My own inquiry into my interior and contemplation on Marx’s writings leads to the conclusion that what we think is only a reflection of what we are. And what we are is only a reflection of our conditions of existence. And our conditions of existence is only a reflection of our place in society, which is in itself a reflection of the state of society in general.
Relative safety, accumulated wealth, financial stability, secure possessions, home ownership, space for physical activity and rest, healthy eating, etc etc. All these are preconditions for higher levels consciousness, bodily awareness, contemplation, and conscious intentional doing. And thus these enable us to recreate our position of relative stability.
The ability to operate above the level of survival, in our fight or flight response, is predicated on the material conditions we exist in. These material conditions are physical like housing, food, and proximity to toxins; cultural-psychological in the sense of familial, societal, norms of behaviour and conditioning; socioeconomic like peace, general economic level of a nation, and multi-cultural, etc etc.
Once our survival is assured, once our nervous system has settled and our parasympathetic nervous system has been given the opportunity to fully engage, a deeper level of contemplation, learning, curiosity, is enabled. Until then we are buffeted by the shifting unpredictable nature of our reality.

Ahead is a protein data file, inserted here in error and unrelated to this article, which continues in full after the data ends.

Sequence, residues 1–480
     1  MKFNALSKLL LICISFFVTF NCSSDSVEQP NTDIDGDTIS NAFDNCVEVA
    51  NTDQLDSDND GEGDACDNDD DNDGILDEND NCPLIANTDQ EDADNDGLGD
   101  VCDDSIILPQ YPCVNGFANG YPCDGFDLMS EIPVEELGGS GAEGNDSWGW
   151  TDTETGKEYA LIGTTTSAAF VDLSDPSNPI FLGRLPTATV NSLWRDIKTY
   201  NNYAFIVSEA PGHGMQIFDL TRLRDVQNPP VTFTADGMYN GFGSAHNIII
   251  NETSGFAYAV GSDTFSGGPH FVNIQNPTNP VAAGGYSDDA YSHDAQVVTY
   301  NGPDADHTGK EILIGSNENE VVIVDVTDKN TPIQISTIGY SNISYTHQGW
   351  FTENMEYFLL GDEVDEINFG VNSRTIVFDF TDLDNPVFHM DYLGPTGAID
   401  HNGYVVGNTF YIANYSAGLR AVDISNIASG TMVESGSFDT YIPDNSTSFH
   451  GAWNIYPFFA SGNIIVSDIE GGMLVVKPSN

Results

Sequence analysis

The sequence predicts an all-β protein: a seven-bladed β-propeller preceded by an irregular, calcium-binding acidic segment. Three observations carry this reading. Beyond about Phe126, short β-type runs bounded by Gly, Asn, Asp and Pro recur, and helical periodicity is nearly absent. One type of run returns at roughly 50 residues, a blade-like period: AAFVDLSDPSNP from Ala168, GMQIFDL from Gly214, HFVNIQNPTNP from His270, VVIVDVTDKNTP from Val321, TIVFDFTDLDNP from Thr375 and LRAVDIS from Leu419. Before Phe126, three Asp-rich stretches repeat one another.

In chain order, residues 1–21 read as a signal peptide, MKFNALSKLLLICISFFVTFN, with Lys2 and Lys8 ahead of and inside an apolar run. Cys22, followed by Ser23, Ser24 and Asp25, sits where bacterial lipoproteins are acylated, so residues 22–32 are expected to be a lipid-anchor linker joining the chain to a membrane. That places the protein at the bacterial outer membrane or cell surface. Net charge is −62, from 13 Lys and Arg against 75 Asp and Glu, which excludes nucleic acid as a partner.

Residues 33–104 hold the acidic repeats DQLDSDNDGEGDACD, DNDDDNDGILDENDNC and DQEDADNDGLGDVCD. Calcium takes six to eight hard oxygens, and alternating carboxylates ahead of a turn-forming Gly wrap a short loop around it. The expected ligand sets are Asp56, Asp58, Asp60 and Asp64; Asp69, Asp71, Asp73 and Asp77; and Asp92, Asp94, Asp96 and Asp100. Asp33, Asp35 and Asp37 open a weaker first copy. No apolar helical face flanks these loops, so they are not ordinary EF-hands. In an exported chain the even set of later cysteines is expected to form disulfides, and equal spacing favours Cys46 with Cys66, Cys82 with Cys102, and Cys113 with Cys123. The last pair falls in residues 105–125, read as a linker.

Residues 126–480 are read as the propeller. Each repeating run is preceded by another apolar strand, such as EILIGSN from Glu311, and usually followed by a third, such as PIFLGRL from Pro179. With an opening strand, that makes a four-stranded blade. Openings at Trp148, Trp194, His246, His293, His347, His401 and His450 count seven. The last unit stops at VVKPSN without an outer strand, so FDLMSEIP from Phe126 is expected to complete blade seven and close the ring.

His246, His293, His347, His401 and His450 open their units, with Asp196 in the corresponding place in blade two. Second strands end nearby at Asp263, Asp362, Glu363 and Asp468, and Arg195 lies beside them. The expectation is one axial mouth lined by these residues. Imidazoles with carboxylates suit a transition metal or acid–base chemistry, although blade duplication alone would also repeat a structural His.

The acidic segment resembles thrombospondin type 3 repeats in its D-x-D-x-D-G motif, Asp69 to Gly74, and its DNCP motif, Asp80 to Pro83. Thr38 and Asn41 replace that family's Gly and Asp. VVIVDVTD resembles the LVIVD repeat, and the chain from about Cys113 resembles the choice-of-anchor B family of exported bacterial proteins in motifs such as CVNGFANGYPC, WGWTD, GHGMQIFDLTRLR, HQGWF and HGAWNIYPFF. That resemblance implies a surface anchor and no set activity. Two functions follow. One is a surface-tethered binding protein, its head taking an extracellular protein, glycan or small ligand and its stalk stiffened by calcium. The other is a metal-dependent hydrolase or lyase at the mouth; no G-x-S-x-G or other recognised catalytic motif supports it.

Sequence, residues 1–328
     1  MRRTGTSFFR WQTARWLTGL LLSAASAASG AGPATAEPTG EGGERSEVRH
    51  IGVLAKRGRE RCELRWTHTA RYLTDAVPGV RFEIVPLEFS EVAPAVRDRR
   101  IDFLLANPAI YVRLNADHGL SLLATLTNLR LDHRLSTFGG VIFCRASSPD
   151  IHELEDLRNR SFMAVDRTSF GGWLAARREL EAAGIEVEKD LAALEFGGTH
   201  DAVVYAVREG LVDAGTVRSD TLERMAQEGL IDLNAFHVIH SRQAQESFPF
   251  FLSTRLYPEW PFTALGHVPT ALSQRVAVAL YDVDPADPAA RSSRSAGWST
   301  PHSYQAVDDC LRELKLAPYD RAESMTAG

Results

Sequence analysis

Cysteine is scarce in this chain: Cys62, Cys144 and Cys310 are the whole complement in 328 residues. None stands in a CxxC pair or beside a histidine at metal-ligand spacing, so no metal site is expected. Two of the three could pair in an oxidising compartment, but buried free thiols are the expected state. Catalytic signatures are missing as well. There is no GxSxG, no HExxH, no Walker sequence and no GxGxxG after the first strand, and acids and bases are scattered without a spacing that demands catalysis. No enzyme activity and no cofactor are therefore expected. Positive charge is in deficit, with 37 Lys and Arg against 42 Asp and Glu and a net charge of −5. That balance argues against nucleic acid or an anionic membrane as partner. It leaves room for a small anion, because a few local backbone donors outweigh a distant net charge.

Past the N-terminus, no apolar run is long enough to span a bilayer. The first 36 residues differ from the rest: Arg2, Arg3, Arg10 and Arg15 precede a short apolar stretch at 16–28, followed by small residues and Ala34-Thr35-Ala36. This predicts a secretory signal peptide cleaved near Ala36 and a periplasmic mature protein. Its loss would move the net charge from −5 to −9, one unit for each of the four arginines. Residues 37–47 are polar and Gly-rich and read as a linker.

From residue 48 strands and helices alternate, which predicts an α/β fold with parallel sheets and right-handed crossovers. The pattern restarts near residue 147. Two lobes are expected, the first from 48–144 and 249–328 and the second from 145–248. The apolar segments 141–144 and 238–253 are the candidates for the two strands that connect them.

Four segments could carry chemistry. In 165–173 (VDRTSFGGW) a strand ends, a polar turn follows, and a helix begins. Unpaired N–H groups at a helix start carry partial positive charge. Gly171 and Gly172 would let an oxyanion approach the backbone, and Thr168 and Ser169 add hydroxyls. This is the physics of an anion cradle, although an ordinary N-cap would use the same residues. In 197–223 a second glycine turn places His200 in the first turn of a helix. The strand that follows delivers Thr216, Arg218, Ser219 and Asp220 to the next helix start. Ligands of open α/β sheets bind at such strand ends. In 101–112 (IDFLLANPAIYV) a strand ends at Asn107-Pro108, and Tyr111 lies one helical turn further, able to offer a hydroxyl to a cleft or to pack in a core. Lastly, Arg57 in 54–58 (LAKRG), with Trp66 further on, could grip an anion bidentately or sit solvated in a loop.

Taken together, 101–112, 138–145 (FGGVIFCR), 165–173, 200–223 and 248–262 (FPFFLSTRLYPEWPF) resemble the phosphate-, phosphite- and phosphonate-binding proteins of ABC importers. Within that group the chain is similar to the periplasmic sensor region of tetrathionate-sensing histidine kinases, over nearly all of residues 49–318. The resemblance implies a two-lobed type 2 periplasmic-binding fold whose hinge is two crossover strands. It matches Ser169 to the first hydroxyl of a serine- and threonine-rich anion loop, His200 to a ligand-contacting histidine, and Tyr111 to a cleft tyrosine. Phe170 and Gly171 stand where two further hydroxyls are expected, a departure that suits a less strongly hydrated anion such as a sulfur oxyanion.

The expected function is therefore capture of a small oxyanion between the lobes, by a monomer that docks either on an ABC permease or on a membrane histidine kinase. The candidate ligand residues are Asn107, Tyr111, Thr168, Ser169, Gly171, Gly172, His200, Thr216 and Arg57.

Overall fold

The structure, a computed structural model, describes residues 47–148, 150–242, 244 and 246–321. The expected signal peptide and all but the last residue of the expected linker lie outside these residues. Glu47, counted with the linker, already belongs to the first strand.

Intention and will can allow us to reach greater levels of stability and deeper consciousness, but even then this is only made possible by the material pre-conditions coming partially or fully into place.
From the position of relative safety, achieving greater levels of well-being, contentment, wealth, connection with others, seems easy and achievable. From the position of trauma (past or present), poverty, insecurity, it is a dream, fantasy, or even religious projection.
The first noble truth of Buddhism is that suffering is unavoidable in conditioned existence, only because suffering is real and unavoidable in this existence in general.
In affluent countries like Australia it is more achievable for people brought up in lower socioeconomic families to attain these material conditions of safety and security, and relative material wealth. Thus some individuals can move beyond their conditioning and establish a foundation which facilitates increasing levels of consciousness and development. However there will be those born into families of wealth for which such pastimes are trivial, and there will be those born into families of entrenched poverty and discrimination that will likely never comprehend the possibility of such depths of contemplation and insight.
Thus the distinctions in stages of “spiritual” development from the mystical/ethereal to the contemplative and scientific.